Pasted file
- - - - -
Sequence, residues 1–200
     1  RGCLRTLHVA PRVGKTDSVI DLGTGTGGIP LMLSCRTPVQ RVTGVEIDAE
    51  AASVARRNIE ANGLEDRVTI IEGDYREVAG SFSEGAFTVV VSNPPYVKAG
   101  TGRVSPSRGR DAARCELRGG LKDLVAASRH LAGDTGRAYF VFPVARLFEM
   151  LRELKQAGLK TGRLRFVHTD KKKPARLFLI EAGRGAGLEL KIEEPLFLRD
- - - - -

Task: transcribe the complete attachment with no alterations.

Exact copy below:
Sequence, residues 1–200
     1  RGCLRTLHVA PRVGKTDSVI DLGTGTGGIP LMLSCRTPVQ RVTGVEIDAE
    51  AASVARRNIE ANGLEDRVTI IEGDYREVAG SFSEGAFTVV VSNPPYVKAG
   101  TGRVSPSRGR DAARCELRGG LKDLVAASRH LAGDTGRAYF VFPVARLFEM
   151  LRELKQAGLK TGRLRFVHTD KKKPARLFLI EAGRGAGLEL KIEEPLFLRD